Supreme Court

The Incoherence of the Normative Case Against Bivens

By Steve Vladeck
Wednesday, June 21, 2017, 2:53 PM

I’ve already written at some length about the flawed analytical foundations of Justice Kennedy’s opinion for a 4-2 majority in Ziglar v. Abbasi—Monday’s Supreme Court decision holding that courts could not imply a “Bivens” damages remedy for victims of constitutional violations by federal officers as part of the post-September 11 roundup of immigration detainees in and around New York. In a nutshell, whatever one thinks of the result, the majority opinion rests on a remarkably shoddy understanding of how remedies against federal officers have operated historically, and a patently unconvincing series of analogies to other doctrinal contexts in which courts have, for distinct and distinguishable reasons, increasingly stayed their hand in the absence of affirmative legislative intervention.

But I don’t mean to rehash or otherwise relitigate those arguments here. Instead, I ask a different question: As a normative matter (that is, without regard to historical or doctrinal foundations), is Justice Kennedy’s case against judge-made damages remedies for constitutional violations actually convincing?

As I explain in the post that follows, there are three different defects in his normative case against Bivens: First, it rests on a view of the intrusive effect of Bivens that is not just wholly unsubstantiated but also internally inconsistent as a logical matter. Second, it incorporates into Bivens concerns about undue intrusion that other doctrines already account for in more nuanced, sophisticated ways. Third, and most importantly, it assumes that damages actions represent a greater intrusion into the function of the political branches in general (and in national security cases, specifically) than does prospective relief (like injunctions, habeas, etc). That’s a theory of the separation of powers that, frankly, makes no sense. Certainly one can reasonably be opposed to an aggressive judicial role in national security cases in general, or in cases seeking prospective relief, specifically. But the idea that judicial recognition of an after-the-fact damages suit represents a greater threat to the separation of powers than judicial imposition of an injunction against ongoing national security policies (ranging from the 1973 bombing of Cambodia to military detention at Guantánamo to the travel ban) is, for lack of a better word, nuts.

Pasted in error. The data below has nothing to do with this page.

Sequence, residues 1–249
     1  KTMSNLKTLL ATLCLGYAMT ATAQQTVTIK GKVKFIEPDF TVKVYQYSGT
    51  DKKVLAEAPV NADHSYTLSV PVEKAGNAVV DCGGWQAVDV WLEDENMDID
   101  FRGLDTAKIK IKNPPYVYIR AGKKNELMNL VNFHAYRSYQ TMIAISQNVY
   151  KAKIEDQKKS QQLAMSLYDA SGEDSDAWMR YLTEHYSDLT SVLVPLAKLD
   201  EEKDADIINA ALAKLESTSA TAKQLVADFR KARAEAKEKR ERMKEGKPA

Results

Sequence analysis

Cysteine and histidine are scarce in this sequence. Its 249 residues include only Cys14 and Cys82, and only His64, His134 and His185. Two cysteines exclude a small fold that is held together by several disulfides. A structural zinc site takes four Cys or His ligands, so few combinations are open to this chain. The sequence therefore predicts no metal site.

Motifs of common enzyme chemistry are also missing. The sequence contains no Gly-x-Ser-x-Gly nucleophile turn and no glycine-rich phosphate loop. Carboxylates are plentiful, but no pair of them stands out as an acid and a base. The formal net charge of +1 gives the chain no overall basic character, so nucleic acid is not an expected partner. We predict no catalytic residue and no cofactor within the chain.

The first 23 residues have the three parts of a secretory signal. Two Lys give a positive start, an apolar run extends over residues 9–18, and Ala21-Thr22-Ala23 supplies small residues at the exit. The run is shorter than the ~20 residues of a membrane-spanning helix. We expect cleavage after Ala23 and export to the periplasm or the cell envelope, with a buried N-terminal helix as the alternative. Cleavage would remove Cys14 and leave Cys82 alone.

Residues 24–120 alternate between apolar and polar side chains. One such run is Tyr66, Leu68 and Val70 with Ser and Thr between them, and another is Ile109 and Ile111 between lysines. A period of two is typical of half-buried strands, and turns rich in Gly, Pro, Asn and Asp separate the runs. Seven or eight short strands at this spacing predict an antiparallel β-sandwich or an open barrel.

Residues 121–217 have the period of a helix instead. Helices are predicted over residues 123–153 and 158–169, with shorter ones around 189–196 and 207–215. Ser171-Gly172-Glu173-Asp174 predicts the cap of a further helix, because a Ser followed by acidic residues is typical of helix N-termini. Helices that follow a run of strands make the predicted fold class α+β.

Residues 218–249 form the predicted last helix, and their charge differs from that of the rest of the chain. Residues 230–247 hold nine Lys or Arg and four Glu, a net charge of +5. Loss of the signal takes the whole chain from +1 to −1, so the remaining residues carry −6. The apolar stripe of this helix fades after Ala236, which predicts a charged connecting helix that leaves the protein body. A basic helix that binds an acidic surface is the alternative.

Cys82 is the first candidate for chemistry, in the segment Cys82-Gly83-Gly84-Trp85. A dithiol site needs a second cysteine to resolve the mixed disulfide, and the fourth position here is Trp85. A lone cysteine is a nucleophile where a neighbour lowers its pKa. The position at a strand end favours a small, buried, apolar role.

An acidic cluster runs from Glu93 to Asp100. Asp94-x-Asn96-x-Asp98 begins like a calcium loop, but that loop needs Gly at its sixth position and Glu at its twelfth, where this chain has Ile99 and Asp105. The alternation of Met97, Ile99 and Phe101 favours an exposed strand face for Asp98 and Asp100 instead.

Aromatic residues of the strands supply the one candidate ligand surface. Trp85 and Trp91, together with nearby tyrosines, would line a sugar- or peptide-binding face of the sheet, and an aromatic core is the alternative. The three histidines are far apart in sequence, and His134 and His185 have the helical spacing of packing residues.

I. Justice Kennedy’s “Intrusion” Theory

The most important passages of Justice Kennedy’s majority opinion are on pages 10, 12–14, and 17–20 of the slip opinion. In condensed version, Part II of the opinion makes the following claims about the economic and non-economic costs imposed by damages suits:

  • “Claims against federal officials often create substantial costs, in the form of defense and indemnification. Congress, then, has a substantial responsibility to determine whether, and the extent to which, monetary and other liabilities should be imposed upon individual officers and employees of the Federal Government.” (p. 10)
  • When deciding whether to recognize a judge-made cause of action for a violation of the Constitution, “the inquiry must concentrate on whether the Judiciary is well suited, absent congressional action or instruction, to consider and weigh the costs and benefits of allowing a damages action to proceed.” (p. 12)
  • “[T]he decision to recognize a damages remedy requires an assessment of its impact on governmental operations systemwide. Those matters include the burdens on Government employees who are sued personally, as well as the projected costs and consequences to the Government itself when the tort and monetary liability mechanisms of the legal system are used to bring about the proper formulation and implementation of public policies.” (p. 13)

Then, in Part III, Justice Kennedy turns to why these costs are especially pronounced in suits implicating national security policies: